Gail Towns is Executive Director, Marketing & Communications, at Georgian Court University (GCU). She leads a team of professionals committed to telling the story of GCU’s role in shaping and changing students’ lives. She also provides strategic counsel regarding GCU’s communications efforts. More than two decades ago, Gail began her journalism career covering K-12 public schools and colleges and universities for the Atlanta Journal-Constitution, her hometown newspaper. She also taught writing and reporting courses at Western Michigan University (WMU) and the University of Cincinnati. In addition, she worked in college and university relations posts at Atlanta Technical College and WMU. She was a parenting columnist for the Cincinnati Enquirer, Hamilton Journal-News, and Cincinnati Parent. Her work has also appeared in the Council for the Advancement and Support of Education (CASE) magazine, and she is a frequent contributor to GCU Magazine.
If you could write a book about your life, what would the title be, and why?
If I could write a book about my life, it would have two titles. The first half would be the Invisible Woman. There is a reason behind it. I began my career as a reporter. And as a reporter, you observe, listen, ask questions, and tell other people’s stories. So, as a reporter, you don’t want to be part of the story. You don’t want to inject anything. You want to be as objective, as quiet, and as invisible as possible. That’s why I say – invisible.
I left the newsroom almost 20 years ago and began working in higher education. Nonetheless, I am still telling other people’s stories through marketing, public relations, and communications. The second part of my book would be called Unwritten. And that’s because it’s yet to be seen, yet to be experienced. As my children are ready to leave the nest (my children are 23, 21, and 18 now), I feel more will come in life. And that part is unwritten. I feel like there’s a blank slate; we’ll see.
Tell us something about your professional life.
I began my professional life as a reporter. Let me tell you about the moment I knew what excited me and gave me energy. This goes back to when I was in seventh grade – I think I was almost 12. The assignment was to talk about what we did for our summer vacation. Being from the south, my parents took my siblings and me to the Okefenokee Swamp on vacation. Well, it is no Disney World. It’s in South Georgia, below what we call the ‘gnat line,’ near the Florida line. We went to the swamp and looked at the alligators and dragonflies. We talked about mosquitoes, flora and fauna, and native species — all the things that you would expect to hear from my mother, a teacher, and my father, an outdoorsman.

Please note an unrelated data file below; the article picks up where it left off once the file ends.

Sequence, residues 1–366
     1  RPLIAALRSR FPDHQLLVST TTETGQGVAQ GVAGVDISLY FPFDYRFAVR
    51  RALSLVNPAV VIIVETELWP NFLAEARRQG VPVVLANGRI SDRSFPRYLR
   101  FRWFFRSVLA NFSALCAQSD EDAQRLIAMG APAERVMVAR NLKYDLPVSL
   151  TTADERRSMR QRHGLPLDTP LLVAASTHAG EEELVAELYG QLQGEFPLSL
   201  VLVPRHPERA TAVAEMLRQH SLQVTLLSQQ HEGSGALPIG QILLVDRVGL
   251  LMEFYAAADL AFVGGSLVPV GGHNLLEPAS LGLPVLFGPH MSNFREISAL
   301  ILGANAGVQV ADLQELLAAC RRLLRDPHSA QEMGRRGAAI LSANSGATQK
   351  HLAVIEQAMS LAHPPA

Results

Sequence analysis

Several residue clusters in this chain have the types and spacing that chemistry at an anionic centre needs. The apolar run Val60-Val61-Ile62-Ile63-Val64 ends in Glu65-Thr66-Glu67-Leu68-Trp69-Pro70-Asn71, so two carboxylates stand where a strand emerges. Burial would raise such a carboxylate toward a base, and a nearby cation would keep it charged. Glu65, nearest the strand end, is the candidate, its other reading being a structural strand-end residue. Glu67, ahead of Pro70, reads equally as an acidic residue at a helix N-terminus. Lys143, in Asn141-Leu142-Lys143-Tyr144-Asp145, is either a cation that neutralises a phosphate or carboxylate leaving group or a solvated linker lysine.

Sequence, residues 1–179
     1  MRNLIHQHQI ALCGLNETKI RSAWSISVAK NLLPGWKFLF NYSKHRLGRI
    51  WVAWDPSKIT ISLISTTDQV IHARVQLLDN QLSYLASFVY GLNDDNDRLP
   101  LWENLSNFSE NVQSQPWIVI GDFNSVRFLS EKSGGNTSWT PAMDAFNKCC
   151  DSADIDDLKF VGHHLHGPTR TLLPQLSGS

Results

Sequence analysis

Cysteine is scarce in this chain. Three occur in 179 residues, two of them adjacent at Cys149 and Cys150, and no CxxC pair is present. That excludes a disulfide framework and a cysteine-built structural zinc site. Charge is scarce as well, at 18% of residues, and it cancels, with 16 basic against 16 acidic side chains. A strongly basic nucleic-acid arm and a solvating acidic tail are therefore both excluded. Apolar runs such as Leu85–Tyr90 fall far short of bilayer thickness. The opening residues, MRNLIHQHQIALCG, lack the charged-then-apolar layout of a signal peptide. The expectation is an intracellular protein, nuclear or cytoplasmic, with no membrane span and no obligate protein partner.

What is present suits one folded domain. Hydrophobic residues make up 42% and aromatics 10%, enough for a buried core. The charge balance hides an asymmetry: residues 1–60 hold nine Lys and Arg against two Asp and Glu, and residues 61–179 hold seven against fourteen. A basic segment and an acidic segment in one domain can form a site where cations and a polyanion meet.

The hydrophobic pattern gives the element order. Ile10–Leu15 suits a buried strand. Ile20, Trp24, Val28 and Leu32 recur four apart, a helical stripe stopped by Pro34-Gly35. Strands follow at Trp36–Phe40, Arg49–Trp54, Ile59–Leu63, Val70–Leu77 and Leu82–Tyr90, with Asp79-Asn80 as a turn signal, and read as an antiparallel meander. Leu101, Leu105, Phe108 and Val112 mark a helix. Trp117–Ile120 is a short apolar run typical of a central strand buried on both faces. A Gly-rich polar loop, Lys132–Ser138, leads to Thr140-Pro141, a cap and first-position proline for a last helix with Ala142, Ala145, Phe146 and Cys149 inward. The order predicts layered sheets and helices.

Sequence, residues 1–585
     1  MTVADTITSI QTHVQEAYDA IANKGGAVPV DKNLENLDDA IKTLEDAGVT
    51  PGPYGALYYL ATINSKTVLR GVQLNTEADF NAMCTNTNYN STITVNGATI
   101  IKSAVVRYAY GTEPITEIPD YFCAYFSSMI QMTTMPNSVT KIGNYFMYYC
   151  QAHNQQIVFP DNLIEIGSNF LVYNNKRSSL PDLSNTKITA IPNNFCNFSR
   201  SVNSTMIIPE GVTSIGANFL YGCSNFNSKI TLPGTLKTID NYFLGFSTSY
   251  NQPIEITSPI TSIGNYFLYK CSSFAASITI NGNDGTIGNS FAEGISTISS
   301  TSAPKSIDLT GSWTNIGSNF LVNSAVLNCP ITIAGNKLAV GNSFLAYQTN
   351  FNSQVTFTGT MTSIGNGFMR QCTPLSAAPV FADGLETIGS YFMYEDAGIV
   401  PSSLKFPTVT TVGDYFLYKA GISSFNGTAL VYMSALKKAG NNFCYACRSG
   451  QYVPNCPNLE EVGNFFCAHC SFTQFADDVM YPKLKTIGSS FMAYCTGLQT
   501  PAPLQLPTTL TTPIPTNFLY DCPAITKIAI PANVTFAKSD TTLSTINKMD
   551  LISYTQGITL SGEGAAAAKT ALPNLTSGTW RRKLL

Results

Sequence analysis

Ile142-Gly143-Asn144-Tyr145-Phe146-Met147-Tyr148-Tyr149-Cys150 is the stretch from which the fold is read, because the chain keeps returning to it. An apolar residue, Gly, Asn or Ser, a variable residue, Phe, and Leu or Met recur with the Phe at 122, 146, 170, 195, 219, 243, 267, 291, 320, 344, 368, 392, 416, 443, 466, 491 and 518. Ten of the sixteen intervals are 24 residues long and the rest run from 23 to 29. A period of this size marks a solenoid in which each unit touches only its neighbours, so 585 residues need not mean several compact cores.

When school started that fall, I had to report what I did that summer. I didn’t just want to stand in front of the class and talk about the alligators. I wanted my classmates to hear and have a sensory experience. So, I had an old-school tape recording of the sound from the swamp. I had photographs, and I did a little travel brochure. And so that’s when I learned how much I enjoyed storytelling.
At the same time, over the years, I have discovered that I do not want to do just one thing when it comes to telling stories, and that’s probably been both a burden and a blessing. That’s why I have moved from reporting to marketing in higher education.
Why did you get involved with the AMA-New Jersey chapter? Why is this organization important to you?
I have been engaged with the AMA for the last three years. I am a general member of the national organization. I have been actively consuming content, meeting and talking to people, and going to events. I did that probably for at least three years. Finally, in 2020 – 21, Kendra Clark, former AMA–New Jersey President, extended an invitation to get involved as a volunteer. I was looking for a way to help the organization and create those experiences for other people. That drew me to get actively involved as a volunteer with AMA-New Jersey. And, in the process, I am also learning new skills to build my portfolio. I do enjoy my time as a volunteer with the team here.
What is the best advice you would give to new professionals or young students?
You know, this question made me think. I once attended an event where the speaker, Ellyn Spragins, spoke about her book – Letters to My Younger Self. This made me think – if I had an opportunity to write a letter to my younger self, what are some of the things that I would say?
I would say, ‘Seize opportunities, push boundaries, don’t take no for an answer. Know your worth. Ask for what you want because nobody is going to give it to you.’ These are all things I wish I had learned earlier in life. These are the messages that I’d like to give to younger professionals.
If someone wants to connect with you, what is the best way to reach out to you on social media?
You can reach me at https://www.linkedin.com/in/gailtowns
Or Twitter @gailtowns.